|Full Title:||Workshop: Can Cognitive Scientists Help Computers Recognize Irony?|
|Short Title:||Irony at CogSci 2014|
|Location:||Quebec City, Canada|
|Start Date:||23-Jul-2014 - 23-Jul-2014|
|Meeting Email:||click here to access email|
Irony is an important rhetorical device that takes many forms. The successful ironist effectively communicates something other than (and often opposite to) what he or she has literally said. Historically, the ironic voice has been studied by researchers in philosophy, language, social cognition and cognitive science. More recently, the problem of automatically detecting irony has garnered attention from computer scientists working in machine learning (ML) and natural language processing (NLP).
But classifying utterances as ironic has proven uniquely difficult. The standard ML approach to text classification is the 'bag-of-words' approach. With a sufficient amount of manually categorized examples (i.e., training data), such models can be extremely successful in a variety of classification tasks, e.g., spam filtering. But irony detection has proven to be much harder. Our view is that cognitive scientists may have much to offer computer science researchers interested in this problem.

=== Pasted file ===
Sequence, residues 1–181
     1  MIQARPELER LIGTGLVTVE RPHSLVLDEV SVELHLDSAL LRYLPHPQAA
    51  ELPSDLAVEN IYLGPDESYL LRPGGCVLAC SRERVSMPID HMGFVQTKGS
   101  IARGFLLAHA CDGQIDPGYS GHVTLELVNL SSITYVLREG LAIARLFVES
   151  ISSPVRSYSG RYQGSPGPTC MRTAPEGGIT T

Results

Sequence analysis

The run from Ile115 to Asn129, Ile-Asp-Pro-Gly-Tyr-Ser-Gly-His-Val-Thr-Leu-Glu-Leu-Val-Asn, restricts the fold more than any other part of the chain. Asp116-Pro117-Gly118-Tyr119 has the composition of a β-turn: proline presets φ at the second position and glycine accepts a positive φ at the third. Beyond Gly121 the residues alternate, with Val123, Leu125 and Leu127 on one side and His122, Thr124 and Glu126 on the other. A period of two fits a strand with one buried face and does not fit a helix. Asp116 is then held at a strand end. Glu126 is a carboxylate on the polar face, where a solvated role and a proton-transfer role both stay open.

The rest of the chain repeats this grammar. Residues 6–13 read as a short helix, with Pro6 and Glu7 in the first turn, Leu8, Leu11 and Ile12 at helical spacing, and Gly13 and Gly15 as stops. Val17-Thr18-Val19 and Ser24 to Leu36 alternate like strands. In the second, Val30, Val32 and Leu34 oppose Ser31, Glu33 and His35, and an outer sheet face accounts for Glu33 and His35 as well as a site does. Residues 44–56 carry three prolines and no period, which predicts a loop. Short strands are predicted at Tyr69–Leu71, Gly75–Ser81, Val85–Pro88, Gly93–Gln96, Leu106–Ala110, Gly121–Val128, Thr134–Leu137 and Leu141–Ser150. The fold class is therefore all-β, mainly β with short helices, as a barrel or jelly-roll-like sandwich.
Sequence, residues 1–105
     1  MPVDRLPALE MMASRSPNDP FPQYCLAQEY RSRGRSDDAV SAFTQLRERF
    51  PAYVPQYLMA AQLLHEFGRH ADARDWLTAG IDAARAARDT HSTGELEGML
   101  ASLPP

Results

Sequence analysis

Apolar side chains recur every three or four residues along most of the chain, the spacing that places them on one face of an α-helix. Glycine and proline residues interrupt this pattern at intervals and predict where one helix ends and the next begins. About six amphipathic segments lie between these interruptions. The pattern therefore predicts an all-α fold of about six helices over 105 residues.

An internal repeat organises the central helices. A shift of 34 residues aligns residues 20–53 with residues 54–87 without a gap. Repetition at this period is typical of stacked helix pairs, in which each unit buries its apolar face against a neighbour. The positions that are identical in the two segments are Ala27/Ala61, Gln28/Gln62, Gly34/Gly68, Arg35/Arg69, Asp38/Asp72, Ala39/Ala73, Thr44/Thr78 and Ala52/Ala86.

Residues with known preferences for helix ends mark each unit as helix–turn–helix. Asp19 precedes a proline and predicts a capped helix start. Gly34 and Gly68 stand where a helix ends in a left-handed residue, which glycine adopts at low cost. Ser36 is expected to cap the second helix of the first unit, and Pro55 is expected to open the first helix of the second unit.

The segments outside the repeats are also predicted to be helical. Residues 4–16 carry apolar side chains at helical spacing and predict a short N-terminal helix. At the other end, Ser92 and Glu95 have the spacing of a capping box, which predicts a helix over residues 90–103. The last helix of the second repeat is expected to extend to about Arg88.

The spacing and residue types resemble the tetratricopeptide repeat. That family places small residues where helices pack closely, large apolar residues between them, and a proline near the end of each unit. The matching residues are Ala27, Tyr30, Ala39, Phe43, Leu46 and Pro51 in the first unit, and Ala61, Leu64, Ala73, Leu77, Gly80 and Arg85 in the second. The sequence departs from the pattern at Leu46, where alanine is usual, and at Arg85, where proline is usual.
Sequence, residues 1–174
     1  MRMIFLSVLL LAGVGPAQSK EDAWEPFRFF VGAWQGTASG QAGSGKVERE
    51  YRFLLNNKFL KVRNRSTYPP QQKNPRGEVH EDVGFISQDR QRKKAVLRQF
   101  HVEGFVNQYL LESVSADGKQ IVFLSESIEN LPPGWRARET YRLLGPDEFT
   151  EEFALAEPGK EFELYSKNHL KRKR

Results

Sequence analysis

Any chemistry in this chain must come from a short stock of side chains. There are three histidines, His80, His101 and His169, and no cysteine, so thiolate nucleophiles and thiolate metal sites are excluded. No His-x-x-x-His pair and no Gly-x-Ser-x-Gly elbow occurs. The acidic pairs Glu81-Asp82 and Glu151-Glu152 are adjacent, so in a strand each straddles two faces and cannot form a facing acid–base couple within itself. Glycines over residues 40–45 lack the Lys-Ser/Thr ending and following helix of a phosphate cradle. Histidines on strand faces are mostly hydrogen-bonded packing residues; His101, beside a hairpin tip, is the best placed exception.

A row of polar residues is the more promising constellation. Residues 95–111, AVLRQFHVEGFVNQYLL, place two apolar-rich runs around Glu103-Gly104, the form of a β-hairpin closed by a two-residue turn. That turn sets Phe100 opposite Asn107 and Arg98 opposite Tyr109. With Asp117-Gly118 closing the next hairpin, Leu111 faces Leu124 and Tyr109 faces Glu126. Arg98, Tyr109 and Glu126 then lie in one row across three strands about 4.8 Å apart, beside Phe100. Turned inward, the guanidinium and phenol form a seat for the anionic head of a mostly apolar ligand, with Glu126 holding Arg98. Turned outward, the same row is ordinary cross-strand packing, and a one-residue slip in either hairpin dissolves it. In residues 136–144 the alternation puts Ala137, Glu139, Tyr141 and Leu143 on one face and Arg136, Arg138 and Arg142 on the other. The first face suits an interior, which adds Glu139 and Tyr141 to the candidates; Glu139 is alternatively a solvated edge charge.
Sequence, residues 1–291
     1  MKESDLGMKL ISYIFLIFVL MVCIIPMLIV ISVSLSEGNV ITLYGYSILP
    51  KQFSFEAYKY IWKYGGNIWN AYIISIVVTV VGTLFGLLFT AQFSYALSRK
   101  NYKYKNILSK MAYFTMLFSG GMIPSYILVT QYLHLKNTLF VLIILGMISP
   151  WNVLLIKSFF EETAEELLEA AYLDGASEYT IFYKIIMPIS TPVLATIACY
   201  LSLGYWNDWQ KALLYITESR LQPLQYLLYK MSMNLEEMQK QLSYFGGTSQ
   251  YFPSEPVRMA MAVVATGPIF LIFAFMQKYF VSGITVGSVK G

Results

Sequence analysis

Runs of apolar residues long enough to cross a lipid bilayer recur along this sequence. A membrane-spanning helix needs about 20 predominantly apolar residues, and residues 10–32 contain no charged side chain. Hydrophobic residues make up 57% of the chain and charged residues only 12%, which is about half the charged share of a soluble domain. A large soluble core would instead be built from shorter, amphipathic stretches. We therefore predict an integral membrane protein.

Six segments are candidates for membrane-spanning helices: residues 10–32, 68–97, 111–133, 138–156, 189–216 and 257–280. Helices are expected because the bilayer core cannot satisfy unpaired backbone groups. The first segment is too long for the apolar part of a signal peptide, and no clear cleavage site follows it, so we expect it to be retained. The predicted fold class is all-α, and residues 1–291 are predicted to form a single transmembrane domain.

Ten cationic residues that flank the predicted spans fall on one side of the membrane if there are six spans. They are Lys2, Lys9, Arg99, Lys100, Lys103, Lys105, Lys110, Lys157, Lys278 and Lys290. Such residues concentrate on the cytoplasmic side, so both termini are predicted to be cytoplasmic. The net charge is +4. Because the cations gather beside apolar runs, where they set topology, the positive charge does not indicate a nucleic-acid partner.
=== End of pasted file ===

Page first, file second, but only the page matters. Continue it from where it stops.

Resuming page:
Capitalizing on the co-location of CogSci with AAAI, this workshop thus aims to bring cognitive and computer scientists together to explore novel models for irony detection. In particular, we believe that developing representations of speakers and contexts and building models that factor these representations into judgments of utterances may drastically improve automated irony detection.
|Linguistic Subfield:||Cognitive Science; Ling & Literature; Philosophy of Language; Pragmatics; Psycholinguistics|
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